A payroll tax cut that has been in effect since 2011 will extend through the end of February. The Temporary Payroll Tax Cut Continuation Act of 2011 temporarily extends the two percentage point payroll tax cut for employees, reducing their Social Security tax withholding rate from 6.2 percent to 4.2 percent of wages. According to the Internal Revenue Service, the reduction will have no effect on employees’ future Social Security benefits.
Employers are advised to implement the new payroll tax cut as soon as possible, but no later than Jan. 31. For any Social Security tax over-withheld during January, employers should make an offsetting adjustment in workers’ pay no later than March 31.
Under the terms negotiated by Congress, the law also includes a new “recapture” provision, which applies only to those employees who receive more than $18,350 in wages during the two-month period (the Social Security wage base for 2012 is $110,100, and $18,350 represents two months of the full-year amount). This provision imposes an additional income tax on these higher-income employees in an amount equal to 2 percent of the amount of wages they receive during the two-month period in excess of $18,350 (and not greater than $110,100).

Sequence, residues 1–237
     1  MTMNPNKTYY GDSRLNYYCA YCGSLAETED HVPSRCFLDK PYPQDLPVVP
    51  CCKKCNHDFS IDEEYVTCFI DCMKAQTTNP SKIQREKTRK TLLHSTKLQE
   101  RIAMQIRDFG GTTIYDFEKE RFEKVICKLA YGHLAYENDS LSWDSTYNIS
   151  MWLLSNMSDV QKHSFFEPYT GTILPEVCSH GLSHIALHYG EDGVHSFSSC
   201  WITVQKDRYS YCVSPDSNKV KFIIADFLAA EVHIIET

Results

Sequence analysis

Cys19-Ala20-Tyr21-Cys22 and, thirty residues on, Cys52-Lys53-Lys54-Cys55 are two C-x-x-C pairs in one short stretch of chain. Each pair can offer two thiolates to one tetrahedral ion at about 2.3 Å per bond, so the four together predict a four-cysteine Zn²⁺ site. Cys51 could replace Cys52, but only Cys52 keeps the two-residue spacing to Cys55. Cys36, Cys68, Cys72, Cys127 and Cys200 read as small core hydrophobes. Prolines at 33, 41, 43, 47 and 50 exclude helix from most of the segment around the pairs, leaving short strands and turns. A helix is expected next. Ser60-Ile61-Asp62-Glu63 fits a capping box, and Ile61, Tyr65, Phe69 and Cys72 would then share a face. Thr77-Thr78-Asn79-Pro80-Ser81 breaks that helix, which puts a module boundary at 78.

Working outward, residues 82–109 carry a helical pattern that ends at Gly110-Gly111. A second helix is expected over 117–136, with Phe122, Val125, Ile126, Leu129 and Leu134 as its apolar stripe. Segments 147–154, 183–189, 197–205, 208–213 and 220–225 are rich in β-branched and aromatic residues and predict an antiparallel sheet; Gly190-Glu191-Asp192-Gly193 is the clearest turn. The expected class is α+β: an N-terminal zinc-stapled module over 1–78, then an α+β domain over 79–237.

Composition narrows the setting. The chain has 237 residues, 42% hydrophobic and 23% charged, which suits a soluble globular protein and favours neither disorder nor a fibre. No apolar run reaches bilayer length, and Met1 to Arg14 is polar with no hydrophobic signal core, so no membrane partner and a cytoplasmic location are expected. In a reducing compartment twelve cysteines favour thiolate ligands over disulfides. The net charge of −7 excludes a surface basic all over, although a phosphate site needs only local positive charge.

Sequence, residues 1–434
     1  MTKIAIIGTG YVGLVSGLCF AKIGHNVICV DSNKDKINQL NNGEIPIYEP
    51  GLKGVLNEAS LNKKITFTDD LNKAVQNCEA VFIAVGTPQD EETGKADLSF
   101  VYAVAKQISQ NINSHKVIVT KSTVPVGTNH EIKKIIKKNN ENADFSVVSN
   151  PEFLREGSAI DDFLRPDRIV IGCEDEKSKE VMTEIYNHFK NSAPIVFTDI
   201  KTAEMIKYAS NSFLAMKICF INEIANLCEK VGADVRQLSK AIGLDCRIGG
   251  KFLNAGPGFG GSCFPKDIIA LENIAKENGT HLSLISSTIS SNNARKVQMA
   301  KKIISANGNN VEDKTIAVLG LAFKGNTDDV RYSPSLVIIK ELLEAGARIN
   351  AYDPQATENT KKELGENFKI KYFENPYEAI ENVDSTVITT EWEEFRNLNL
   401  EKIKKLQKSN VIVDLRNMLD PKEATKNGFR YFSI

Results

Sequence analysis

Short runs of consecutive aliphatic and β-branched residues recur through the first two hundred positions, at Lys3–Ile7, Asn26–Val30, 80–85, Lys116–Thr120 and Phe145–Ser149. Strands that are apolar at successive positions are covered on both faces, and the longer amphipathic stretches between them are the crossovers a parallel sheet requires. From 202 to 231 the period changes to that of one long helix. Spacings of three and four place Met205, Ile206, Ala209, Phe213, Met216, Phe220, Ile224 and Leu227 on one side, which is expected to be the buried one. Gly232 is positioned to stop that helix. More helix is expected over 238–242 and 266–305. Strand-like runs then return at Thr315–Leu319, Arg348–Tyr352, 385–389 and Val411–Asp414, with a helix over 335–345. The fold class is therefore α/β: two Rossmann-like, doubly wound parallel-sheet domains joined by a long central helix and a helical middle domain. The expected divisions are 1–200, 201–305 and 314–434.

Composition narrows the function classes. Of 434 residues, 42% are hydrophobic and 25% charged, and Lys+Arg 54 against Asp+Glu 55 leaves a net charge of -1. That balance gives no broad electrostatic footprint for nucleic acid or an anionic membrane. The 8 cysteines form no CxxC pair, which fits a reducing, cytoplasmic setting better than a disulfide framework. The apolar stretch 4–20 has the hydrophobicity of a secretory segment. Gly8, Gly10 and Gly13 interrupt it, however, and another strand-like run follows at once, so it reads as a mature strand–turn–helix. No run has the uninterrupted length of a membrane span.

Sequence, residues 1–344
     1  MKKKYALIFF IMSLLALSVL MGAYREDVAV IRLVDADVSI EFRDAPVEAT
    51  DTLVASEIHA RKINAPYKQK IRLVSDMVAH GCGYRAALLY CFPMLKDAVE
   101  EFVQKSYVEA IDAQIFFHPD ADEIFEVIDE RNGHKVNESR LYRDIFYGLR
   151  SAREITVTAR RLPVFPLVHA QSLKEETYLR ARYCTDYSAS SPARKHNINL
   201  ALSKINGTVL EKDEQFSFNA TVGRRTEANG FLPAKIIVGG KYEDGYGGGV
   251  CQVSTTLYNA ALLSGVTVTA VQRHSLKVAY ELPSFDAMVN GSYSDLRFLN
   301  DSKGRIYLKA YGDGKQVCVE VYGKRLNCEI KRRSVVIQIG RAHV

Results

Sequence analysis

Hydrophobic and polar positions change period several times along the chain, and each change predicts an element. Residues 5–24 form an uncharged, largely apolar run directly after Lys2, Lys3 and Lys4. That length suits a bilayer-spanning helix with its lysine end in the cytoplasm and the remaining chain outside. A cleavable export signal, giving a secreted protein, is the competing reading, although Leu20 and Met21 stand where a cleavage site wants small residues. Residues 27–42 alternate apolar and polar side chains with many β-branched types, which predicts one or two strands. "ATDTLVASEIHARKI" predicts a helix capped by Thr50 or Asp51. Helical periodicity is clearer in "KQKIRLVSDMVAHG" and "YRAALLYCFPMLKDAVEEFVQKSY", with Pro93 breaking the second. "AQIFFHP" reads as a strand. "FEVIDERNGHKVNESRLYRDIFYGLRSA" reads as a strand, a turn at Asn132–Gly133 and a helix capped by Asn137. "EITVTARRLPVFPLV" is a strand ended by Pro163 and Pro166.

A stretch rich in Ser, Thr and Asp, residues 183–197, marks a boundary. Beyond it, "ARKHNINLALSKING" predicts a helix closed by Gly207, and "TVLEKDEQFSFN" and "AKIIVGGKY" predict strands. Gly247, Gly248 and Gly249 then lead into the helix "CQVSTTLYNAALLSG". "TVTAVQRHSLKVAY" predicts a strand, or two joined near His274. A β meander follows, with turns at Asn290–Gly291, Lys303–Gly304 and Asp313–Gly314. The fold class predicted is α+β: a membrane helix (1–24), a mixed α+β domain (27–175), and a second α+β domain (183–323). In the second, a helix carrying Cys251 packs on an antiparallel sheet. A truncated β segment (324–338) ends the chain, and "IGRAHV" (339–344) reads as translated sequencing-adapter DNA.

This additional recapture tax is an add-on to income tax liability that the employee would otherwise pay for 2012 and is not subject to reduction by credits or deductions. The recapture tax would be payable in 2013 when the employee files his or her income tax return for the 2012 tax year. With the possibility of a full-year extension of the payroll tax cut being discussed for 2012, the IRS will closely monitor the situation in case future legislation changes the recapture provision.